If Fresh & Easy Neighborhood Market begins a localization program like we suggest--and like Tesco is doing in the UK--it will find itself creating stronger bonds--and more business--with the consumers in its market regions.
All of the reasons given by Tesco's UK local foods sourcing chief Emily Shamma as to why the retailer is going big with local foods sourcing and marketing in the UK exist equally among U.S. consumers, especially in the Western U.S. where Tesco has its Fresh & Easy grocery stores.
California, Arizona and to a lessor degree Nevada are top U.S. farming states. Further, California's Central Valley is the world's number one agricultural producing region. Residents in these three states love locally-produced foods, and will even purchase them at a slight premium over foods from other parts of the U.S.
California also is the home of the local foods movement and has many food retailers like Whole Foods Market, Raley's, Safeway Stores, Bristol Farms, Gelson's and numerous others who are focusing extensively on procuring and selling locally-produced foods in their stores.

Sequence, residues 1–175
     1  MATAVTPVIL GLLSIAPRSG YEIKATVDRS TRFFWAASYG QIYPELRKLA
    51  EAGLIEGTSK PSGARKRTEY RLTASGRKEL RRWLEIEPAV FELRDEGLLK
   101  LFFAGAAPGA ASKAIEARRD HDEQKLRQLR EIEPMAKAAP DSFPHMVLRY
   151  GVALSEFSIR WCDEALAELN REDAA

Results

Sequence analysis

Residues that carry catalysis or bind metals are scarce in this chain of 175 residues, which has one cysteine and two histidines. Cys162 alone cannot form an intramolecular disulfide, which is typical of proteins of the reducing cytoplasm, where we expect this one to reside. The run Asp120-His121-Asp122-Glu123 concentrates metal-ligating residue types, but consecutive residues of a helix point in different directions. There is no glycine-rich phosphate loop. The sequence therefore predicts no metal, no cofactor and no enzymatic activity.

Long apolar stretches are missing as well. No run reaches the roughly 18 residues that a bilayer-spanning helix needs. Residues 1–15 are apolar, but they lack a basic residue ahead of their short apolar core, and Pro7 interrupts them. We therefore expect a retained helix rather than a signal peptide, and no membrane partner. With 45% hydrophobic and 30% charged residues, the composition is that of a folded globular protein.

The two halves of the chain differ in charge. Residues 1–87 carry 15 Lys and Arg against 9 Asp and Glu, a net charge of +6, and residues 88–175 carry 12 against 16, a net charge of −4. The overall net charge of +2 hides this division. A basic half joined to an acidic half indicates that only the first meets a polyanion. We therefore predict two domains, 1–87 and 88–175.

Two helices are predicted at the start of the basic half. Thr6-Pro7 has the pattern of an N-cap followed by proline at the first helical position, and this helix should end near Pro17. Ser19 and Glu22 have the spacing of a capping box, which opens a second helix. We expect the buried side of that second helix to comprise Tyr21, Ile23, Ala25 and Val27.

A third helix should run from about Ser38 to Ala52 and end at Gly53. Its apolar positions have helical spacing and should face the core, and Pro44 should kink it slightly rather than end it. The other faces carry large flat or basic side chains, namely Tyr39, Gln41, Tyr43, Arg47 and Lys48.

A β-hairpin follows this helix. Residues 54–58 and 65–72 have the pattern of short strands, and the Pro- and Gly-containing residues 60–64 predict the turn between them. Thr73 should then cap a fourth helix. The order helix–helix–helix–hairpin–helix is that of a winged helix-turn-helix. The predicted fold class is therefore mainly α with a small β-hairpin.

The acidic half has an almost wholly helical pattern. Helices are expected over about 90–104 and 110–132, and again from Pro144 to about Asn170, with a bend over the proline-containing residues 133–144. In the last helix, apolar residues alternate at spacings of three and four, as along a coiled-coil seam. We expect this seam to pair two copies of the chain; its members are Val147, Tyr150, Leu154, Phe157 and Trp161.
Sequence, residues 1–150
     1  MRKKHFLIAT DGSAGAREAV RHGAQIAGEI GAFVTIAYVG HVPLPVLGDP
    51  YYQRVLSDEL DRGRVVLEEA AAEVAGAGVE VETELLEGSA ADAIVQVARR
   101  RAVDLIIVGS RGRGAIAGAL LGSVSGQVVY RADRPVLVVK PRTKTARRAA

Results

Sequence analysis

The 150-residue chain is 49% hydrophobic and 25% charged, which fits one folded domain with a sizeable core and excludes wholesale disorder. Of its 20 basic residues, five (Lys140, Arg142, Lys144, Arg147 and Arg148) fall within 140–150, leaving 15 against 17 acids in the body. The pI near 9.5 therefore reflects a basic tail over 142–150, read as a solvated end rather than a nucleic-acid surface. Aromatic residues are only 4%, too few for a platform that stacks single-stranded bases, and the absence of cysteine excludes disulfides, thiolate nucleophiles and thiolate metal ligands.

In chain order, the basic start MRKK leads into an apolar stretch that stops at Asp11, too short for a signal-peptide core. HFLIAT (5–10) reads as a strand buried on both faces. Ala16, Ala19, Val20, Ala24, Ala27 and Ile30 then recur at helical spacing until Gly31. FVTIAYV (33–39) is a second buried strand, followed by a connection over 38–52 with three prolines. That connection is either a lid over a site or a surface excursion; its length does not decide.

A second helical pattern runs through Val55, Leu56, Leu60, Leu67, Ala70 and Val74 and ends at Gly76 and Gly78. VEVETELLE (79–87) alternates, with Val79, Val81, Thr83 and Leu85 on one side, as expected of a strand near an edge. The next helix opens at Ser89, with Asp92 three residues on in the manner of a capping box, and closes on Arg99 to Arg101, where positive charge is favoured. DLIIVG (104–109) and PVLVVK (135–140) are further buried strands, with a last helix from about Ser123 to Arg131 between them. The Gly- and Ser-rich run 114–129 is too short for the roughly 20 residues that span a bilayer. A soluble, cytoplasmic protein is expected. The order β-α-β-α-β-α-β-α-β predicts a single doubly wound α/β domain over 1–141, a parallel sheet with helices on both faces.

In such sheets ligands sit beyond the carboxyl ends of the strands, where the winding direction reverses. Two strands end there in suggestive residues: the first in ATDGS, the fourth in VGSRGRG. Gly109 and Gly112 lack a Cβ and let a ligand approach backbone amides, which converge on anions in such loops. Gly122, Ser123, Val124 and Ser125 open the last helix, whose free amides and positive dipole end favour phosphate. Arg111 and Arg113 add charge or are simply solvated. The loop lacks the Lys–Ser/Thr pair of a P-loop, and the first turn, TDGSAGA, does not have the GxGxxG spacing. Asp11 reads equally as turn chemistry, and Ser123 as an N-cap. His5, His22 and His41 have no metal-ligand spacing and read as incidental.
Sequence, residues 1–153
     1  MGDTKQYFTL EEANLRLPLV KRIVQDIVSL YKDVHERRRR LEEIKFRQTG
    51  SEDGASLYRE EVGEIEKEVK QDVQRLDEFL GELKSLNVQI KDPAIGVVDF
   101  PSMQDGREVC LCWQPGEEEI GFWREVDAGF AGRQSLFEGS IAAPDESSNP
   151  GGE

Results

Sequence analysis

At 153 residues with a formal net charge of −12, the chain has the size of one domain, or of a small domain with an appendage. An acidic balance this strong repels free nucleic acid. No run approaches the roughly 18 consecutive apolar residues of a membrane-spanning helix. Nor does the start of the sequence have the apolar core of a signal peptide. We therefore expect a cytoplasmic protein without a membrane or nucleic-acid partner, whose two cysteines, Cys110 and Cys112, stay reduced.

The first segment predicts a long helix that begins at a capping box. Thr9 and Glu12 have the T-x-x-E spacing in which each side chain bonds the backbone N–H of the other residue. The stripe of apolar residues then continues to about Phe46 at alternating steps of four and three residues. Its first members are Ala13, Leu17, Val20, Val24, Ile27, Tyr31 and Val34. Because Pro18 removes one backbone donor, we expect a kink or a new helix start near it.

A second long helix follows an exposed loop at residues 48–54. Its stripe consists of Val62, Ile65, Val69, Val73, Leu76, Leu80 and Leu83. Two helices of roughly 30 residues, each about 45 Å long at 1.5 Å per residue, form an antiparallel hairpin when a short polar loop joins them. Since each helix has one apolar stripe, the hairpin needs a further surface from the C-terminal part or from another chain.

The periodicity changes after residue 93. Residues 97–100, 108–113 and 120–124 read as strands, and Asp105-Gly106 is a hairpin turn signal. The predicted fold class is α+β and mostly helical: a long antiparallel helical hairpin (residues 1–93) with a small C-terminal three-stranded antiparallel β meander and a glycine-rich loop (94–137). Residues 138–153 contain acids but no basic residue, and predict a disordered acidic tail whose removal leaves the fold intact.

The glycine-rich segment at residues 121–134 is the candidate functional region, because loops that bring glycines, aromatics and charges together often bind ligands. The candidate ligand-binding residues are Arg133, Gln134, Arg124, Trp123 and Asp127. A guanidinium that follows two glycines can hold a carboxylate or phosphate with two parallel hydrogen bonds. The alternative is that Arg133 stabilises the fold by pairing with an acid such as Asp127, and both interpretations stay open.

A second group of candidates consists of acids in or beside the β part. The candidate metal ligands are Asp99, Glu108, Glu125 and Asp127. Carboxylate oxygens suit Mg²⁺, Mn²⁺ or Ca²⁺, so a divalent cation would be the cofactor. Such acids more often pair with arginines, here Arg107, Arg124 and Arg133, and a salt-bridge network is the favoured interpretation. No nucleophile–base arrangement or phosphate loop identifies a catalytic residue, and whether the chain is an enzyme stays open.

Both California and Arizona also are top specialty, natural and organic food and grocery product producing states in the U.S. Local producers in these two states produce everything from scores of types and varieties of fresh produce and locally-raised beef, poultry and pork, to nuts, milk, cheese, wine, breads, oils, shelf-staple grocery products of every kind and more.
Tesco could have an absolute field day procuring and selling locally-produced foods in California and Arizona for its Fresh & Easy grocery stores. And, it wouldn't take all that much too succeed at it if done right.
A careful and thoughtful addition of a few locally-produced food and grocery products in every category of products in the Fresh & Easy stores would have the overall effect of making a big difference in terms of achieving that "localization" formula we discussed earlier. The category-wide local foods product mix needs to be selected carefully however.
Doing so also builds consumer loyalty. As Tesco's local foods guru Emily Shamma said about UK consumers wanting to buy locally-produced foods and support local farmers, so too do U.S. consumers want to do--and are doing--the same thing. This is particularly true among Western USA consumers in California, Nevada and Arizona, who count numerous local farmers and local food producers among their family members, friends, relatives and business associates.